The study, measurement, and description of depths and currents in open seas, lakes, estuaries, and rivers.
carxe-ye âbšenâsik (#), ~ âbšenâxti (#)
Fr.: cycle hydrologique
The vertical and horizontal transport of water in all its states between the earth, the atmosphere, and the seas; often called the water cycle.
The study of the waters of the earth, especially with relation to the effects of precipitation and evaporation upon the occurrence and character of water in streams, lakes, and on or below the land surface.
Same as → magnetohydrodynamics.
The general name for the atomic hydrogen → cation H+.
A → water, → molecule with an additional hydrogen ion (H3O+). Also called hydronium ion. Hydronium is an abundant molecular ion in the interstellar diffuse and dense molecular clouds (→ Sagittarius B2, → Orion molecular cloud OMC-1) as well as the plasma tails of → comets (→ Halley, → Hale-Bopp).
From hydr-, → hydro- + -onium a suffix used in the names of complex cations, extrcated from ammonium "ionized ammonia" (NH4+).
A term denoting the water portion of the Earth's surface.
Of or pertaining to → hydrostatics.
Fr.: équation hydrostatique
The equation describing the → hydrostatic equilibrium in a star, expressed as: dP/dr = -GMρ/r2, where P and M are the mass and pressure of a spherical shell with thickness dr at some distance r around the center of the star, ρ is the density of the gas, and G the → gravitational constant.
Fr.: équilibre hydrostatique
1) The physical situation reached in a fluid when complete balance exists between
the internal pressure at any point and the weight of the material above the point.
Fr.: halo hydrostatique
A model of the → Milky Way galaxy in which the → Galactic halo (composed of → gas, → magnetic fields, and → cosmic rays) is assumed to be in → hydrostatic equilibrium. Parker (1966) presented the first study of stability considerations between gas, magnetic fields and cosmic rays in an equilibrium configuration. He found that it is difficult to maintain a stable configuration due to magnetohydrodynamic self-attraction (→ Parker instability). Subsequent works taking into account turbulent motions showed that turbulent pressure can mitigate the influence of Parker instabilities. This enabled new attempts to find conditions under which a stable equilibrium configuration of the Galaxy could exist.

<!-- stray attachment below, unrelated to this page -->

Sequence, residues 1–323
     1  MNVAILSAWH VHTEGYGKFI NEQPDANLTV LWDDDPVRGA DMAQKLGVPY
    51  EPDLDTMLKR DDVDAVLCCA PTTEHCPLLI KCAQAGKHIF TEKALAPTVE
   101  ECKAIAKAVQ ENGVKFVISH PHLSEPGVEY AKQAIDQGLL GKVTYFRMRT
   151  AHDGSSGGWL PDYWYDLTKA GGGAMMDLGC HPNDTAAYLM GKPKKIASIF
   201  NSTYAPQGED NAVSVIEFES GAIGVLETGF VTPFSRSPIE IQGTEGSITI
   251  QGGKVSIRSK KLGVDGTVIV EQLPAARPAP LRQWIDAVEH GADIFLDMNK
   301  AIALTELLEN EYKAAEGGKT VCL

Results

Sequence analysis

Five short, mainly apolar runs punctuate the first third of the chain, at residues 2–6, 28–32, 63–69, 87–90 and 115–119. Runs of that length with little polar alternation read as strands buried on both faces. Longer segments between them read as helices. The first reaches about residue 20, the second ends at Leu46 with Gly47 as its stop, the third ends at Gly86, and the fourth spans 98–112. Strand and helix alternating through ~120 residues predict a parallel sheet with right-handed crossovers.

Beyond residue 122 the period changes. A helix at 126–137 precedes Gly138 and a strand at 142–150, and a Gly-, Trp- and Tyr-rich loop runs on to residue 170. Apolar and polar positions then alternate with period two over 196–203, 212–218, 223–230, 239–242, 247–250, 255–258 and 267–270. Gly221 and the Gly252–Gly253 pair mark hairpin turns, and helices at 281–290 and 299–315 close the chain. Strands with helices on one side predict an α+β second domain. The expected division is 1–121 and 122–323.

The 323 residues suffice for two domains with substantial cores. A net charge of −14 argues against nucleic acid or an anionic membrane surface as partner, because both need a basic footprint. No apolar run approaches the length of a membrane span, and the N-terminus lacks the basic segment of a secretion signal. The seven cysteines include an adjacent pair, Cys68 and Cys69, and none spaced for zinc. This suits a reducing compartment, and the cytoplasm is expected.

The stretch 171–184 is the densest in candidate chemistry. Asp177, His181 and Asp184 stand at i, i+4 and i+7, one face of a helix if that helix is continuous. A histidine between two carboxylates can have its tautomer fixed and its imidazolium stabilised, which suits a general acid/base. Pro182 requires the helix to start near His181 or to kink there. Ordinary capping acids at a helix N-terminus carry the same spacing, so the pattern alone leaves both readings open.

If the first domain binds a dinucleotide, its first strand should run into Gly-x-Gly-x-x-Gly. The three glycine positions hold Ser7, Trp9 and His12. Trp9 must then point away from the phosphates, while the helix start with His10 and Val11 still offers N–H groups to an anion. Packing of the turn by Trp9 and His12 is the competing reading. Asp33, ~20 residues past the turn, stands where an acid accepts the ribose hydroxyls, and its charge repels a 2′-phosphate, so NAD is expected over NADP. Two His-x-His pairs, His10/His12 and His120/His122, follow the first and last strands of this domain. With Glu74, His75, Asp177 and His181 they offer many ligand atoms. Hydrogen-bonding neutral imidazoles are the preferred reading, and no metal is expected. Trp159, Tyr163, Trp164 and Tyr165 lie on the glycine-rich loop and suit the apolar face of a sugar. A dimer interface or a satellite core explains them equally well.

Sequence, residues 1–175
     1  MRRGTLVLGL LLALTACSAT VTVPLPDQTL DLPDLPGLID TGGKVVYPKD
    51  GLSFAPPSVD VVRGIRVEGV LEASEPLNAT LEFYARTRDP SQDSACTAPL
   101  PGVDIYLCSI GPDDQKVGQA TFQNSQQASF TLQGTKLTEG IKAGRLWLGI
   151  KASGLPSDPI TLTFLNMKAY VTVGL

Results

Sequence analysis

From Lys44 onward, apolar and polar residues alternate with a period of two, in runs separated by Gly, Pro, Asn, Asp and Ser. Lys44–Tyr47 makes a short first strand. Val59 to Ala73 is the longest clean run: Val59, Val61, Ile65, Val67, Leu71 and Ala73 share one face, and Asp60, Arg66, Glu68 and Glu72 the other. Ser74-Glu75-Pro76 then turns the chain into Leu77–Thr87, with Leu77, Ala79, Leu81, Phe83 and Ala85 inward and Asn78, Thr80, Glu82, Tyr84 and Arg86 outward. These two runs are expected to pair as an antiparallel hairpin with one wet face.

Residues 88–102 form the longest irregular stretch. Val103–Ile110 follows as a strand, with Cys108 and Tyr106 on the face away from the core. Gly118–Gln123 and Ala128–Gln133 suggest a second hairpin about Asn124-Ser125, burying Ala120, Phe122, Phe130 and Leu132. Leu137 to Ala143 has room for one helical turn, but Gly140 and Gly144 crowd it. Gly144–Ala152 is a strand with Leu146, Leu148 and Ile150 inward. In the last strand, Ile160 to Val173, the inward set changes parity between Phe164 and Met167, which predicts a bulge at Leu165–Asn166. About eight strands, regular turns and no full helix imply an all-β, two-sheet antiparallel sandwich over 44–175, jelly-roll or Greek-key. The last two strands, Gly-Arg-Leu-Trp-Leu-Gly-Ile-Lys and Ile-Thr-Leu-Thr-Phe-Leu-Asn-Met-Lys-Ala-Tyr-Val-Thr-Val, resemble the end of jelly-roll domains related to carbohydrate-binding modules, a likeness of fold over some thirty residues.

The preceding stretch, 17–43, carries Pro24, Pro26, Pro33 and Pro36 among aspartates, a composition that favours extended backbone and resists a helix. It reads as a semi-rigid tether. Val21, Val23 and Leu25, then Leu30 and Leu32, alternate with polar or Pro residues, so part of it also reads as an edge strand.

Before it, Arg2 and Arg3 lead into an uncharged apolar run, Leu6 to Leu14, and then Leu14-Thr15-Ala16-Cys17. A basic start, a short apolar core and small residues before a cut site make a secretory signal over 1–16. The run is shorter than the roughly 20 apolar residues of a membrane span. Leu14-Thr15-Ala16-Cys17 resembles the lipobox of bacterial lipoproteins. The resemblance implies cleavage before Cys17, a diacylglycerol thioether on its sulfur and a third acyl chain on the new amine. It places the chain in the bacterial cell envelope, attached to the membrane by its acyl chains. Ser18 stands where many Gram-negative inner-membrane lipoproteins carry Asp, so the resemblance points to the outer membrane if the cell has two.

Fr.: pression hydrodynamique
The term ρgz in the → Bernoulli equation. It is not pressure in a real sense, because its value depends on the reference level selected.
A branch of physics that deals with the characteristics of → fluids at rest and especially with the pressure in a fluid or exerted by a fluid on an immersed body.
Geology: Relating to or caused by high temperature underground water or gas heated by natural processes.
A diatomic ion containing one oxygen and one hydrogen atom with chemical formula OH-.
hydroxyl group (OH)
goruh-e hidroksil (#)
Fr.: groupe hydroxyle
The univalent radical or group consisting of one hydrogen and one oxygen atom, forming a part of a molecule of a compound.
From → hydro- + ox(y)- a combining form meaning "sharp, acute, pointed, acid," used in the formation of compound words, from Gk, oxys "sharp, keen, acid" + -yl a suffix used in the names of chemical radicals, from Fr. -yle, from Gk. hyle "matter, substance;" → group.
Fr.: Hydre mâle
The Male Water Snake. A minor constellation with three main stars, one of the 15 → circumpolar constellations in the southern hemisphere. It first appeared in Johann Bayer's Uranometria of 1603. It is often confused with → Hydra, the large constellation further north. It is also referred to as "male Hydra" or "little Hydra." Abbreviation: Hyi; genitive: Hydri.
From L., from Gk. hydros "water serpent."
Âbmâr "water snake," from âb "water" (Mid.Pers. âb "water;" O. Pers. ap- "water;" Av. ap- "water;" cf. Skt. áp- "water;" Hitt. happa- "water;" PIE āp-, ab- "water, river;" cf. Gk. Apidanos, proper noun, a river in Thessalia; L. amnis "stream, river" (from *abnis); O.Ir. ab "river," O.Prus. ape "stream," Lith. upé "stream;" Latv. upe "brook") + mâr "snake, serpent" (Mid.Pers. mâr "snake;" Av. mairya- "snake, serpent").
Hygro-, from Gk, combining form of hygros "wet, moist."
Nam "humidity, moisture" + -negâšt, → -gram. The first component nam, from Mid.Pers. nam, namb "moisture;" Av. napta- "moist," nabās-câ- "cloud," nabah- "sky;" cf. Skt. nábhas- "moisture, cloud, mist;" Gk. nephos "cloud, mass of clouds," nephele "cloud;" L. nebula "mist," nimbus "rainstorm, rain cloud;" O.H.G. nebul; Ger. Nebel "fog;" O.E. nifol "dark;" from PIE *nebh- "cloud, vapor, fog, moist, sky."
The graphical record made by a → hygrograph.
An instrument that records the hygrometer's measure of water vapor.